Finding Local Minerals


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Revision as of 18:19, 26 June 2011

This page is about finding local minerals that can be used for making decorative painting and plastering materials.


Finding local lime stone

Finding local lime stone for making putties to use for plasters and paints can be simple with the help of mineral maps provided by the USGS (United States Geological Survey).

Mine map symbol
What a Quarry looks like on a map
Geological map
Key showing the mineral symbol
List of mineral type
Example search result
  1. There are a few maps you can use to help you find what you are looking for. The first thing I do is look on as many different maps as I can find for the Quarry symbol (2 crossed pick axes). I try to keep my search as close to my home as possible to start.
  2. Once I find one then I have to find the USGS map for that area in the greatest detail possible which is typically 1:24,000 scale. Sure enough, after closer examination there is a very large quarry there. Next we need to find out what is in it.
  3. The map we will use to find out what is in the Quarry is called the USGS Geological map. This map shows all of the known minerals in relation to the geography. It is usually a brightly colored map with a key that is very detailed. It will show you to very important things; one is the minerals in the area and two is the time frame or "period" of the exposed earth. So in this one we see light blue that according to the key is the "PiPif" and is a deposit of Limestone and sandstone from the Permian and Pennsylvanian age.
  4. Now I need to find out who owns it, what are they mining, how, and how do I get in touch with them. When I looked at some of the more detailed maps they said "Rex" next to the area. I started the Google search for "Rex Colorado" , "Rex Quarry" or "Rex Colorado Quarry" and there it was.
  5. When I clicked on it I discovered the Colorado Lien Co. along with their contact information. I contacted them and asked them what the where mining in that area and it was Calcite. I asked them what they were doing with it and they said they were processing it for lab and food grade calcium as well as processing it in a kiln that they have about 4 miles away for Quick lime and Type S lime. I asked them if I could visit their operation and the said yes and WOW!!!! a full mining operation of Calcium in every form I could ever need to make plasters; very fine Calcium powder, quick lime, Type S, calcium sand and more. Now these guys are pouring it into big trucks and don't have a packaging plant so it would be hard for me to commercialize it. That being said I asked them what they would charge me to fill up my truck and they gave it to me for free on the first visit and that supply lasted me for the first year. Now I go once a year and fill up on what I need and pay very little for it.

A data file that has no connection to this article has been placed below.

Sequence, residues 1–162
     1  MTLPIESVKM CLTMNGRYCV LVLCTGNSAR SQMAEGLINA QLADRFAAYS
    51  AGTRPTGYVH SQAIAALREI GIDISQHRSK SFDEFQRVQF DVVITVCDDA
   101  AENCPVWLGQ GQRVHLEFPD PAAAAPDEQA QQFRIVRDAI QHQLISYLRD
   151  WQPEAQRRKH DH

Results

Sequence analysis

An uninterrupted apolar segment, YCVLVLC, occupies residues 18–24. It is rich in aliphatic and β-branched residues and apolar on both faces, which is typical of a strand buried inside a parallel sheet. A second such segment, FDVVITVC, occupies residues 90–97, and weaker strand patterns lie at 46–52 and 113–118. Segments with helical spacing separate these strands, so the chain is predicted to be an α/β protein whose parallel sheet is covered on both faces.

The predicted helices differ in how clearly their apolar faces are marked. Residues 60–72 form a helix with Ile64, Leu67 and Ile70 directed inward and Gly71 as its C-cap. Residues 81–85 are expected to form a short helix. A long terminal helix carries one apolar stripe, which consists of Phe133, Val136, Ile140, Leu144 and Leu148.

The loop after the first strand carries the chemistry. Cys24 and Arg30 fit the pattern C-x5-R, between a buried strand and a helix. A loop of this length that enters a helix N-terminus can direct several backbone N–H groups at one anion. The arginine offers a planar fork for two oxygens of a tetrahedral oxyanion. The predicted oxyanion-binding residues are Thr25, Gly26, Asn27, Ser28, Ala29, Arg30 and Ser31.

Questions to ask yourself

  • What? Knowing Geology pays off?! Yes, in fact I can now make lime putty (Lab grade 99% Hydrated Calcium Carbonate) for about $2 per 5 gallons.
  • What Proceed textures can I mix this into?
  • What else is out there?
  • What is near you? Garnet? Mica? Different colored sands?

Mixing with Lime with Proceed textures

There is some experimenting time that goes into intermixing lime into Proceed textures but projects have been reported to be made with a Marmorino style finish 42 thousand square feet of wall and ceiling and materials cost were $700 with 2 days of mixing.

Mixing a dry mix of hydrated lime or Type S Lime into Proceed textures works well Smooth Translucent Texture. The Smooth Translucent Texture can be mixed with Type S lime that has been hydrated with water and made into a putty. This will add a smooth stone like quality to the material making it similar to some of the smooth lime textures used in Venice now referred to as Venetian plaster.

You can also make a three part mixture of Smooth Translucent Texture: Lime putty made with Type S Lime: and Silica sand to resemble a traditional Roman Fresco.

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